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The Dalai Lama in Williamsburg

Posted on Oct 14, 2012 by

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I had the opportunity last week to see the Dalai Lama speak in Williamsburg.  He’s currently making a tour of small colleges and he was appearing at William and Mary, where my daughter is a student.  It made for a delightful visit.

Tickets for the event had sold out within 15 minutes.  More than eight thousand people attended.  The line into the arena began two and a half hours before the event—and these were all people with tickets.  So interesting.  The student who introduced him said we would likely remember this day for the rest of our lives.  I loved that he marked the gravity of the moment.

The student handed the Dalai Lama a green William and Mary visor, which the Dalai Lama promptly placed on his head to loud applause.  He then placed a white scarf around the student’s neck and proceeded to wear the visor for the remainder of his talk.  It was a lovely beginning—and a wonderful way to undercut the gravity with a sense of lightness.

The Dalai Lama greeted us as brothers and sisters.  He made a point that people make too much of secondary differences like status.  He then began by emphasizing that we are entering a new reality which is going to require a new kind of thinking.

His main emphasis was, not surprisingly, on the need for compassion.  But there was a teaching here that I hadn’t heard in quite this way before.  He made a sharp distinction between animal compassion and human compassion.  All animals have compassion toward their young and those whom they have a positive connection with.  Human compassion gives us the intelligence to extend our compassion—beyond our families and our groups.  He repeated over and over that it’s a mistake to think that this compassion is primarily for the benefit of others.  This compassion is first and primarily of benefit to ourselves.  How our compassion is received is beyond our control—and not our business.  A person might respond negatively because of their mind but we shouldn’t be afraid of that or pretend because of that.  Compassion helps us.  It benefits us.  It changes us.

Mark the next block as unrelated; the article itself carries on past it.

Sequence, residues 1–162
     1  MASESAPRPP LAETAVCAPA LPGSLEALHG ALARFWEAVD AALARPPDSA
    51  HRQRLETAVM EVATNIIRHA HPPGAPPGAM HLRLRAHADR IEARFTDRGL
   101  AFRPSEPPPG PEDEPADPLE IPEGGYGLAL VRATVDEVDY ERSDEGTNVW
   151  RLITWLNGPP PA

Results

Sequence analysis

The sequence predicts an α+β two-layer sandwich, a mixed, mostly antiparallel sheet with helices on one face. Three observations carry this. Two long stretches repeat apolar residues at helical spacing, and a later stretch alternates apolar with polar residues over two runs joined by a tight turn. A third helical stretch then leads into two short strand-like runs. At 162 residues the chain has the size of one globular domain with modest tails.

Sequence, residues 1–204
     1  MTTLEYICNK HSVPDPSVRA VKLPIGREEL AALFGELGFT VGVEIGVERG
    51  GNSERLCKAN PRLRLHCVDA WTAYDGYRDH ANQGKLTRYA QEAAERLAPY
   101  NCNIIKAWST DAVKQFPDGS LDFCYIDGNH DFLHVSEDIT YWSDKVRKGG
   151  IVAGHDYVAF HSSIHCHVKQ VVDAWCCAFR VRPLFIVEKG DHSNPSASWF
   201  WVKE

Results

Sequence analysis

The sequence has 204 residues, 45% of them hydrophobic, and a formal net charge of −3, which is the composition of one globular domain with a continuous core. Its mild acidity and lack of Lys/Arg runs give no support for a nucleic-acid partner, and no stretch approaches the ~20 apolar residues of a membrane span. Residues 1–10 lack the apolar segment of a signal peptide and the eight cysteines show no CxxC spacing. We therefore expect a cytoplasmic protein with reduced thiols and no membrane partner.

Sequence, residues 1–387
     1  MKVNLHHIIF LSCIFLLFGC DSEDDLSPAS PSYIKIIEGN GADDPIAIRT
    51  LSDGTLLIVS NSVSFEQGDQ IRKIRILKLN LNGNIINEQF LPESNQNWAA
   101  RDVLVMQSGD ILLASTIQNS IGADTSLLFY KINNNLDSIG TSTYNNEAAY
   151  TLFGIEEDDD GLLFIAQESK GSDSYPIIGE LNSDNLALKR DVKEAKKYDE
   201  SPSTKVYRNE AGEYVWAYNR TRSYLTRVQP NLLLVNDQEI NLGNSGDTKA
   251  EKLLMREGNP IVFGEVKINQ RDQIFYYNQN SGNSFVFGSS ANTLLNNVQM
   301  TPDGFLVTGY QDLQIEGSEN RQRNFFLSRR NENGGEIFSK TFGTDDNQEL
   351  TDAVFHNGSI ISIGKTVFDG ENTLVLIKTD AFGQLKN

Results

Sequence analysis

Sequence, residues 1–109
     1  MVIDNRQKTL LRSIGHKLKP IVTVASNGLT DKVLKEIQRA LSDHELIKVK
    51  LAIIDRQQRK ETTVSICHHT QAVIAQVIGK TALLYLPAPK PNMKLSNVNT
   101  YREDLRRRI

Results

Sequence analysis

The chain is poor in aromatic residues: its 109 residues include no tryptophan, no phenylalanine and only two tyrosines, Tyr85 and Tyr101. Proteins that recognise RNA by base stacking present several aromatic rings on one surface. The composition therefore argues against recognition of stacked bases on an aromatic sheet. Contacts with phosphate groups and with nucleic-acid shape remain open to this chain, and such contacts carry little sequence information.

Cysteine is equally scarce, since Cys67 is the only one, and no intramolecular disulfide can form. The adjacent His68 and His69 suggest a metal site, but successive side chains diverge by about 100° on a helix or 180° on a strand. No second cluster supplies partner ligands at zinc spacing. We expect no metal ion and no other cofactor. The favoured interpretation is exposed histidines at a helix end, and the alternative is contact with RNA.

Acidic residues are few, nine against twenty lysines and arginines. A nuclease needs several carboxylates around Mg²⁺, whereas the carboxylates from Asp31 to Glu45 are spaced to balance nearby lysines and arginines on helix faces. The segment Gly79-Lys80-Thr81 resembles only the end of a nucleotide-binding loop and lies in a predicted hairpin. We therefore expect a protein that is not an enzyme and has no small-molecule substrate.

He told a story about Cuban refugees who he met who were praying for Castro.  They were praying that he would die and go to heaven.  This story made the Dalai Lama laugh quite a bit.  He seemed to be approving of their skillfulness in this prayer—that they had managed to extend compassion under difficult circumstances.

He laughed often during his presentation, as if so much of what he said tickled him.

He made a sharp distinction between actions and actors.  We can believe, he said, that an action is wrong and still care and feel compassion toward the actor.   He told about meeting George Bush.  (I believe he meant the son, George W.)  He talked about feeling such a good sense of friendliness.  He called him his friend, and went on to say he approved of his motivation, wanting to spread democracy.  “But not his method—force.”  He went on to say that violence has unintended consequences.  He was very clear that one could disapprove of a person’s action and still call that person friend.

He was gracious throughout.

He received at least 3 standing ovations.

He thanked us for being attentive.

I sat with my daughter and listened and then walked across campus with her afterwards in the fall sunlight.

I won’t forget the day, probably for the rest of my life.  Nor do I want to forget the teachings that he gave.

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